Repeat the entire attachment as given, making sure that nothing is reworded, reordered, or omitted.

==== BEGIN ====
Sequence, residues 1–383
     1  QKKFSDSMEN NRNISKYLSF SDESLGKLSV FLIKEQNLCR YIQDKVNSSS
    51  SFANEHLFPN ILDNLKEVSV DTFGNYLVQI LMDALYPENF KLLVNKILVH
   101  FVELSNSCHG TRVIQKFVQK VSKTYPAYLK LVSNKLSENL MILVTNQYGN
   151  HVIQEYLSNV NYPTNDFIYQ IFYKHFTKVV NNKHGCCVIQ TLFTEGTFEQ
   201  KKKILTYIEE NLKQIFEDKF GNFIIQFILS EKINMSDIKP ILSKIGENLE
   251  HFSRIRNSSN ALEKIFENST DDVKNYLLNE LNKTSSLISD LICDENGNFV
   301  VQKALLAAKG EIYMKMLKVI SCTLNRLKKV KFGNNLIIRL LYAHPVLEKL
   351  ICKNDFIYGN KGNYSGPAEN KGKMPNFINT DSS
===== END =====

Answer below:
Sequence, residues 1–383
     1  QKKFSDSMEN NRNISKYLSF SDESLGKLSV FLIKEQNLCR YIQDKVNSSS
    51  SFANEHLFPN ILDNLKEVSV DTFGNYLVQI LMDALYPENF KLLVNKILVH
   101  FVELSNSCHG TRVIQKFVQK VSKTYPAYLK LVSNKLSENL MILVTNQYGN
   151  HVIQEYLSNV NYPTNDFIYQ IFYKHFTKVV NNKHGCCVIQ TLFTEGTFEQ
   201  KKKILTYIEE NLKQIFEDKF GNFIIQFILS EKINMSDIKP ILSKIGENLE
   251  HFSRIRNSSN ALEKIFENST DDVKNYLLNE LNKTSSLISD LICDENGNFV
   301  VQKALLAAKG EIYMKMLKVI SCTLNRLKKV KFGNNLIIRL LYAHPVLEKL
   351  ICKNDFIYGN KGNYSGPAEN KGKMPNFINT DSS